Nerf’s new content program is all about brotherly love (and rivalry)

A social campaign, featuring Brady and Matthew Tkachuk, highlights the fun of playing with (and competing with) your siblings.
Brothers

The world has seen some great brother rivalries. Cain and Abel. King Richard and Prince John. Liam and Noel Gallagher. Michael and G.O.B Bluth. And then there’s Brady and Matthew Tkachuk.

Hockey is a family affair in the Tkachuk family; father Keith played more than 1,000 games over 18 years in the NHL, sister Taryn is carving out a career in field hockey, elder brother Matthew has spent four years with the Calgary Flames and middle child Brady is a winger for the Ottawa Senators. The family has a history of being candid and comedic about the egging on of the brothers’ rivalry, especially on social media.

It was in the Tkachuks that Hasbro saw an opportunity for its Nerf brand.

Bryan Kingston, manager of integrated media, North America for Hasbro, says it started with an objective to get Nerf Blasters at the top of consideration for youth holiday wish lists this year. The brand team knew it wanted an athlete, he says, because many of Nerf’s core targets look up to and even aspire to be athletes.

It wasn’t long before they settled on the Tkachuks. Although they’re American-born, playing for Canadian teams gives them strong Canadian fan-bases. And despite being aspirational, Kingston says their dynamic is also especially relatable for kids. “They’re in their early twenties, they’re fun guys, and we found we could really play on the sibling rivalry between them, take elements from how we grew up and apply it to the brothers through this series of fun content.”

Working with MediaCom, with help from its Beyond Advertising content division (#Paid also managed the athlete relationship and assisted with social strategy), the brand created content that features the brothers chasing one another through their family home as they compete in various challenges with Nerf Blasters (their prize, besides glory, is the last piece of pizza).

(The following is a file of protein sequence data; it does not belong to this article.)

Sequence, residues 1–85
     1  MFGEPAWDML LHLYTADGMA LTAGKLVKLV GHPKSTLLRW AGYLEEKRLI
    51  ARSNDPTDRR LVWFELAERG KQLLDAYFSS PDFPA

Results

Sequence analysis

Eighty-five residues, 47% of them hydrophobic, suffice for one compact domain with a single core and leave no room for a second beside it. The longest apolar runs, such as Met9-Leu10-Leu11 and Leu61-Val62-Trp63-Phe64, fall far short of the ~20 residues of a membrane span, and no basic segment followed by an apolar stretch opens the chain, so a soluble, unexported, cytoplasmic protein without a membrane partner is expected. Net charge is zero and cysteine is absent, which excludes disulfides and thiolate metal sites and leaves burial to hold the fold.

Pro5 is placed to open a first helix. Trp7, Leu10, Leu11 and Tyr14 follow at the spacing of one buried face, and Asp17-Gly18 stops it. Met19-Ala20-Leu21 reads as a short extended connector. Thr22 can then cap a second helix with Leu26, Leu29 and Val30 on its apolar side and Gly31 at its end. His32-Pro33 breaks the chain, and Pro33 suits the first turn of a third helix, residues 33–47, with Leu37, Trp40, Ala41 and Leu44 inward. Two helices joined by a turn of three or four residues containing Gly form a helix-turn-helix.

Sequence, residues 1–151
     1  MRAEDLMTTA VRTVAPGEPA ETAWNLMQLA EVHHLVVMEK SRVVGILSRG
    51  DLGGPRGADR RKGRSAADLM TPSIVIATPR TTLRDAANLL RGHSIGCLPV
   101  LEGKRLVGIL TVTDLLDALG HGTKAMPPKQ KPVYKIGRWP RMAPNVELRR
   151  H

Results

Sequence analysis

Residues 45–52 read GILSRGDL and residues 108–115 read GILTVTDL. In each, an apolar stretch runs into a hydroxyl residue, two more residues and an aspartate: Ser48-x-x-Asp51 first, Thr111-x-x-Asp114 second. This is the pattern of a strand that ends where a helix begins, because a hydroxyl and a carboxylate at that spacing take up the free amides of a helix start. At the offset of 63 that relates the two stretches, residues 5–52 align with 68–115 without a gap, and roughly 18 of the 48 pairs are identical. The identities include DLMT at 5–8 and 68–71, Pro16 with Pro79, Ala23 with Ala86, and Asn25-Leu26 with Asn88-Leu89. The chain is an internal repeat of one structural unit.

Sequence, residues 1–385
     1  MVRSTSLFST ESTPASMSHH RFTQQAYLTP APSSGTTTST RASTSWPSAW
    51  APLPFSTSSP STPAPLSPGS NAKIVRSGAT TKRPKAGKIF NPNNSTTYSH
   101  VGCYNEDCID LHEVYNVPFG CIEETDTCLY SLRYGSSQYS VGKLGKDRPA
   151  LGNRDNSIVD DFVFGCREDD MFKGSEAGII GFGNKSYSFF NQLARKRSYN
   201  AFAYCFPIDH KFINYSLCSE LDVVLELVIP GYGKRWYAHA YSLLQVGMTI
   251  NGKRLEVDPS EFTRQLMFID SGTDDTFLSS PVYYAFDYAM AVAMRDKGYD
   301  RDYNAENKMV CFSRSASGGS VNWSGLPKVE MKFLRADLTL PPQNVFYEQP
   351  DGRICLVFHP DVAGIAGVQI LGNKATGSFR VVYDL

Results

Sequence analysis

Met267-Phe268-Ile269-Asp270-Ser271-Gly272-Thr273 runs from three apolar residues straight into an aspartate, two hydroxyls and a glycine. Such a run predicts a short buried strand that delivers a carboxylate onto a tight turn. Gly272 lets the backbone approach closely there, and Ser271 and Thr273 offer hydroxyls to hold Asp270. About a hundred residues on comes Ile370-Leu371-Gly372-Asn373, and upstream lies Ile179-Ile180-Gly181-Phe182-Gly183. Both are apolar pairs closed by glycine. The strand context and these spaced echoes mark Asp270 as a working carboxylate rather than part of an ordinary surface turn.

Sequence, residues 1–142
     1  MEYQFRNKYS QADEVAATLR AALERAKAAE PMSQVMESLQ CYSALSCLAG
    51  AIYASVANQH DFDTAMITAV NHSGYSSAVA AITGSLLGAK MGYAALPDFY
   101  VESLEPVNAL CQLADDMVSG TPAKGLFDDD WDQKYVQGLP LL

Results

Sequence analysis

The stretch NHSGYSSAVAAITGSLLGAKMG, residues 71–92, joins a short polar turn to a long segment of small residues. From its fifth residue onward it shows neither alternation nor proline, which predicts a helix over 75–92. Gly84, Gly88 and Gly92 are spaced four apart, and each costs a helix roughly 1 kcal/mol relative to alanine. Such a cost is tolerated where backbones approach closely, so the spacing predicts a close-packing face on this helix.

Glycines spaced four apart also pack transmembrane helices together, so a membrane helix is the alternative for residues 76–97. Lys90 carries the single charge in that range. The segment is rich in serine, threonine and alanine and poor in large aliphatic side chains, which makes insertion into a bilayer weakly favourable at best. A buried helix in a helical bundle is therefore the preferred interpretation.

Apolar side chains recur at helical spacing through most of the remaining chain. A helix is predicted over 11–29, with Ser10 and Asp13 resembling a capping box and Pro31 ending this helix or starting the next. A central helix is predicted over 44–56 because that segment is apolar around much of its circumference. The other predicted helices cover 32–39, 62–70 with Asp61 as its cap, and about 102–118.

The first content piece (dubbed “period one”) rolled out across the brothers’ Instagrams in early October; a second will debut this week and a third piece will launch three weeks from now.

The content is being boosted across multiple platforms to ensure that it reaches Nerf’s target demo. Justine Wong, senior manager, brand and marketing at Hasbro, describes the Nerf core consumer as a sports-and-games-loving eight-year-old (they even have a name for him: Griffin).

“We’re very aware that the brand has mass appeal,” says Kingston, which is why it had to be intentional about which platforms it selected. “You can leverage YouTube for that eight- to 10-year-old boy who’s aspiring to be a pro athlete, but the 13- and 14-year-old target is going to be on Snapchat and knows where to follow the brothers on social.”

Full campaign elements include the Instagram 60-second hero videos and 15- and 30-second cutdowns in English and French across YouTube and Snapchat.